Magnolia was Beaumont's First Public Cemetery
By Judith Linsley
As soon as they could, Texas pioneers began to recreate the social structure that they had left behind-schools, places of worship, and cemeteries. In Beaumont, the first cemeteries were private ones, located on the land of early settlers. Nearly all are gone today.
In 1876, William McFaddin donated two and one-half acres of land north of Beaumont to the town for use as a public cemetery. The site, on the Neches River, adjoined his family's private burial plot. According to an editorial in the Beaumont Enterprise of February 12, 1881, it was "the best place for the purpose…in the vicinity of town." It was "naturally a beautiful spot drained by a deep ravine" and offered "every opportunity to make a desirable place of sepulture."
The Enterprise editor, John W. Leonard, added, however, that "this naturally beautiful cemetery is in a deplorable condition. It has no enclosure and is full of under-growth. It is approached by a muddy and almost impassable road and is grazed by all the stray cattle in the vicinity." It was also too small for future growth.
The editorial continued, "Beaumont is in most particulars, a live town, but in this respect has shown great neglect. Our town is increasing daily in population. It has railroad communication east and west and will soon have the same thing north and south. The first question which one of the better class of immigrants asks, is…if they can educate their children, secure religious instruction and bury their dead decently." (That actually sounds more like three questions.)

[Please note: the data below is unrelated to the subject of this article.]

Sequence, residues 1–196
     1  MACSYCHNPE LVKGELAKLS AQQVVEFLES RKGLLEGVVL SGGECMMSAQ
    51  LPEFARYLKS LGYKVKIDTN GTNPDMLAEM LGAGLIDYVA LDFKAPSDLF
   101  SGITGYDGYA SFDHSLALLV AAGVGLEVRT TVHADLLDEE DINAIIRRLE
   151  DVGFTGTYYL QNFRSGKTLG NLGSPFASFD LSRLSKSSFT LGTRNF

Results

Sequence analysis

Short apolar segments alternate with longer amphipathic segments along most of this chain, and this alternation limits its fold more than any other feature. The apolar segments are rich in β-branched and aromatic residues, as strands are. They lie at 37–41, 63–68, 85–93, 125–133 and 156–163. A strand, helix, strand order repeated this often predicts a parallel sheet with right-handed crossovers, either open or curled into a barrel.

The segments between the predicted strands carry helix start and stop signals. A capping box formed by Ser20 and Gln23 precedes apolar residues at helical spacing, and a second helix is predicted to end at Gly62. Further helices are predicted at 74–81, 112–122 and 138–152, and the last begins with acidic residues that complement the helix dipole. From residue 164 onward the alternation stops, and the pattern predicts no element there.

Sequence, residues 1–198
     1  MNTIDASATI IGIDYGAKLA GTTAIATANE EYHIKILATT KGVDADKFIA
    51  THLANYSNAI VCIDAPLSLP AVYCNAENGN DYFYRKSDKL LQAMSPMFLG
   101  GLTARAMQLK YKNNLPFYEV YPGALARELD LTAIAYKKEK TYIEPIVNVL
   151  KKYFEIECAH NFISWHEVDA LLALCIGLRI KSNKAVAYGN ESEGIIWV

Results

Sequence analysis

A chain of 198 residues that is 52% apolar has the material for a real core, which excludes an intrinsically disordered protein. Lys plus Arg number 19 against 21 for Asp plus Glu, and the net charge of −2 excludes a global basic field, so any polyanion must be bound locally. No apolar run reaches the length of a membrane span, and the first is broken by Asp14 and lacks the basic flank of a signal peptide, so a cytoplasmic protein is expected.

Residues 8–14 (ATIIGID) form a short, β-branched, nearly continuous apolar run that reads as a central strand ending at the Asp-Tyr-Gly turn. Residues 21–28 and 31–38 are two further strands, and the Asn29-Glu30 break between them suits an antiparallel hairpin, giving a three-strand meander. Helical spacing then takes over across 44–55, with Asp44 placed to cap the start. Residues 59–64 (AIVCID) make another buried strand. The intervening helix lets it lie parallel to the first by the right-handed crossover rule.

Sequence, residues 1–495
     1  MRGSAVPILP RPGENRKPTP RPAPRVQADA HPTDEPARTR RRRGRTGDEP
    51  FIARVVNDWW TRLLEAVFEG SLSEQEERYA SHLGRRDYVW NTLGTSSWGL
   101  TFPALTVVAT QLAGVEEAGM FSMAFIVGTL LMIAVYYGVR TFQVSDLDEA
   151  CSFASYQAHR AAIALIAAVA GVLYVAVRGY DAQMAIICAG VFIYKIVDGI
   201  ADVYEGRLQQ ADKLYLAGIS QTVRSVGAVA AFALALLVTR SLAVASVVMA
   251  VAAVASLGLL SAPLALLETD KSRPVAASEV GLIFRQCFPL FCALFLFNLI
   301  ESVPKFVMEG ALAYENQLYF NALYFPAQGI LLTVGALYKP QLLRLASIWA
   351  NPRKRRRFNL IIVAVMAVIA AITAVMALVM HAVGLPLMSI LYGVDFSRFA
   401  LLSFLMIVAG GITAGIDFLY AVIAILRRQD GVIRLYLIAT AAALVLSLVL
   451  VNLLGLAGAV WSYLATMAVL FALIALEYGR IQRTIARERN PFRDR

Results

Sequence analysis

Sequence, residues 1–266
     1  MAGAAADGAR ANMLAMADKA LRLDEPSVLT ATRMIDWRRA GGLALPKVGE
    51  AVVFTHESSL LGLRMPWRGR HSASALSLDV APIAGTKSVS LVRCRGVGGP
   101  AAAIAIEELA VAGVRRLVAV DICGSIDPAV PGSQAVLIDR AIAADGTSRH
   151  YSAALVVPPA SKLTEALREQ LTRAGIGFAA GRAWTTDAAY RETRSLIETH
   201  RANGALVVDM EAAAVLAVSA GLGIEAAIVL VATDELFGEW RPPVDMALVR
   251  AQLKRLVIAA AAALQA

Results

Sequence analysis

The Enterprise offered a solution-a joint stock company that would purchase additional acreage from William McFaddin, subdivide it into plots and sell it to families or individuals. The money would go toward fencing, cleanup, and making the road from "Mr. Fletcher's house" to the cemetery passable. (W.A. Fletcher lived on the north side of Beaumont at the head of the road that led to the cemetery.)
The proposal came to pass. In 1887 William McFaddin sold 13 acres to a group of five Beaumonters for 400 dollars; Valentine Wiess, Edward L. Wilson, A.S. John, H.W. Smith, and John L. Keith became the first trustees of the Magnolia Cemetery Company.
The company issued 400 shares of capital stock to be sold to stockholders for 25 dollars a share. Trustees made plans to clean up the cemetery and have it surveyed. They even co-sponsored a fundraiser, a "Grand Tournament and Strawberry Festival" with the Ladies' Guild and the Council of Temperance.
Though the cemetery rarely showed a profit in early years, it grew greatly in space, as more and more Beaumonters found their final resting place there. One growth spurt came during the influenza pandemic of 1918, when supposedly each morning grave diggers found coffins stacked at the gate, waiting for burial.
Today, a visit to Magnolia Cemetery is like taking a trip through Beaumont history. With its tall trees and well-kept grounds, it's also a beautiful place. John W. Leonard would be very pleased.